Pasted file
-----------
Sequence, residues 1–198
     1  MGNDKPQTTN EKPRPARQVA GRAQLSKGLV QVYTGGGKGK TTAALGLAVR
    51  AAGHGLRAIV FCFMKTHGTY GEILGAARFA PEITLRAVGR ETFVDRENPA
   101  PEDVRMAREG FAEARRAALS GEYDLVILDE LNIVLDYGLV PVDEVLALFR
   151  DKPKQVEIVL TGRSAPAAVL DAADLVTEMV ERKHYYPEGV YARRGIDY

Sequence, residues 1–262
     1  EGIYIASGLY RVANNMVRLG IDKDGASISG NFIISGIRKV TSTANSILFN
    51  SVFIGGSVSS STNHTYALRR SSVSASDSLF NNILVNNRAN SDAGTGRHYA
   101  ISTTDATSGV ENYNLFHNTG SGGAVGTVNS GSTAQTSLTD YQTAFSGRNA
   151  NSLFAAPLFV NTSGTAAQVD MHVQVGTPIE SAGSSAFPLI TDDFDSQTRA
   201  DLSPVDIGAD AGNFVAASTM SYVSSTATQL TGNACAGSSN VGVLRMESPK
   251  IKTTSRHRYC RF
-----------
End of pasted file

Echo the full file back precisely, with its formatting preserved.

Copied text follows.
Sequence, residues 1–198
     1  MGNDKPQTTN EKPRPARQVA GRAQLSKGLV QVYTGGGKGK TTAALGLAVR
    51  AAGHGLRAIV FCFMKTHGTY GEILGAARFA PEITLRAVGR ETFVDRENPA
   101  PEDVRMAREG FAEARRAALS GEYDLVILDE LNIVLDYGLV PVDEVLALFR
   151  DKPKQVEIVL TGRSAPAAVL DAADLVTEMV ERKHYYPEGV YARRGIDY

Sequence, residues 1–262
     1  EGIYIASGLY RVANNMVRLG IDKDGASISG NFIISGIRKV TSTANSILFN
    51  SVFIGGSVSS STNHTYALRR SSVSASDSLF NNILVNNRAN SDAGTGRHYA
   101  ISTTDATSGV ENYNLFHNTG SGGAVGTVNS GSTAQTSLTD YQTAFSGRNA
   151  NSLFAAPLFV NTSGTAAQVD MHVQVGTPIE SAGSSAFPLI TDDFDSQTRA
   201  DLSPVDIGAD AGNFVAASTM SYVSSTATQL TGNACAGSSN VGVLRMESPK
   251  IKTTSRHRYC RF